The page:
In a statement to potentially affected customers, Target confirms that the “unauthorized access to Target payment card data” at its retail locations (Target.com purchases were apparently not impacted by the attack) lasted from Nov. 27 to Dec. 15, effectively encompassing the heart of the store’s holiday shopping business and affecting around 40 million Target shoppers, according to the retailer.
“Your trust is a top priority for Target, and we deeply regret the inconvenience this may cause,” said the company in a demonstration of corporate understatement.
The breach didn’t just get at basic things like customer names and addresses — nope, Target says the data thieves rode off into the virtual sunset with info that included customer name, credit or debit card number, and the card’s expiration date and CVV (that three-digit security code on the back of your card).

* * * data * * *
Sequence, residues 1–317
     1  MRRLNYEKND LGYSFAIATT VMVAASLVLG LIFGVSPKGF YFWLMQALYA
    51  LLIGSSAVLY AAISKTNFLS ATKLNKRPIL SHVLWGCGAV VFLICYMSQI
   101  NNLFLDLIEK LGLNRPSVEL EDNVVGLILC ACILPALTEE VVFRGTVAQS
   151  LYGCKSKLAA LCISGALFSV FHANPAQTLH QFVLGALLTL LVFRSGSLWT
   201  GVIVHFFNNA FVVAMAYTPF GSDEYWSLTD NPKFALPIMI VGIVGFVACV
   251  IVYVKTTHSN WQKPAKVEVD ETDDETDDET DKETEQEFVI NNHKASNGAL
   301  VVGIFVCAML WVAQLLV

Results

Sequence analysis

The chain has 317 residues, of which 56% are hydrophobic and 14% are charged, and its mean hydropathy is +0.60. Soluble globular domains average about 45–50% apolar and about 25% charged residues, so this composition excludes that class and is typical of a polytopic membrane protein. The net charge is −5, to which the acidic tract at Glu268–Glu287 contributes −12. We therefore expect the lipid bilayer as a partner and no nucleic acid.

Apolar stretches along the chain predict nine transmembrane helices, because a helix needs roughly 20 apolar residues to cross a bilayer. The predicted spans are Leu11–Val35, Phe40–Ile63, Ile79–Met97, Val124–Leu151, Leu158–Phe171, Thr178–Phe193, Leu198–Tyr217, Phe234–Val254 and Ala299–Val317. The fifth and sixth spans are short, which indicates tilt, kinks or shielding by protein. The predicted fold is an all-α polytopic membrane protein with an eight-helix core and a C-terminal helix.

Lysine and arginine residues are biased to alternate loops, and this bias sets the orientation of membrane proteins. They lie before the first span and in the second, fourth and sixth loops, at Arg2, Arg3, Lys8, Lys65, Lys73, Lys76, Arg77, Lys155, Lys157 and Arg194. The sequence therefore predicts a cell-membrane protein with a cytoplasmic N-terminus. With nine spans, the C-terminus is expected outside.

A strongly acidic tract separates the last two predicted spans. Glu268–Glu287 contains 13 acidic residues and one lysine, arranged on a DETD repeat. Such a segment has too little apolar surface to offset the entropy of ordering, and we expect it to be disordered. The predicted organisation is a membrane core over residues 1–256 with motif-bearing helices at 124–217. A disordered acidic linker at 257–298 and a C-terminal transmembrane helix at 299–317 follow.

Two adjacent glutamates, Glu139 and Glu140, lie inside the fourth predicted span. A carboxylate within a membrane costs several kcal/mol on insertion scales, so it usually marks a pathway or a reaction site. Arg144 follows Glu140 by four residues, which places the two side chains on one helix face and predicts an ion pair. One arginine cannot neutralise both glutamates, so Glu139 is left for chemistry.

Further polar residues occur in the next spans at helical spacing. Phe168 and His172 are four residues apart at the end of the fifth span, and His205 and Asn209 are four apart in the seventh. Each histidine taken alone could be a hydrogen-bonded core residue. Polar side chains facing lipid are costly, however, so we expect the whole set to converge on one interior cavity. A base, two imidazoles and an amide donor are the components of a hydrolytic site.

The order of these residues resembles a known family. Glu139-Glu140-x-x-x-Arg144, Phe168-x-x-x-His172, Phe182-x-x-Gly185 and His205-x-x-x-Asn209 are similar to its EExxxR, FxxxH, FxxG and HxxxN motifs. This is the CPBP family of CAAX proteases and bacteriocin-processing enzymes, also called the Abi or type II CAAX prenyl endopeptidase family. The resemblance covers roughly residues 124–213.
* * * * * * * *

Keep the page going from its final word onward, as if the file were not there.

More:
“We are partnering with a leading third-party forensics firm to conduct a thorough investigation of the incident and to examine additional measures we can take that would be designed to help prevent incidents of this kind in the future,” says Target, which is recommending that customers do the sensible thing and review their accounts for signs of fraud and identity theft.
“If you see something that appears fraudulent, REDcard holders should contact Target,” explains the company in an FAQ, “others should contact their bank.”
Target is swearing up and down that its payment systems are now safe and secure, but will customers believe them? Would you?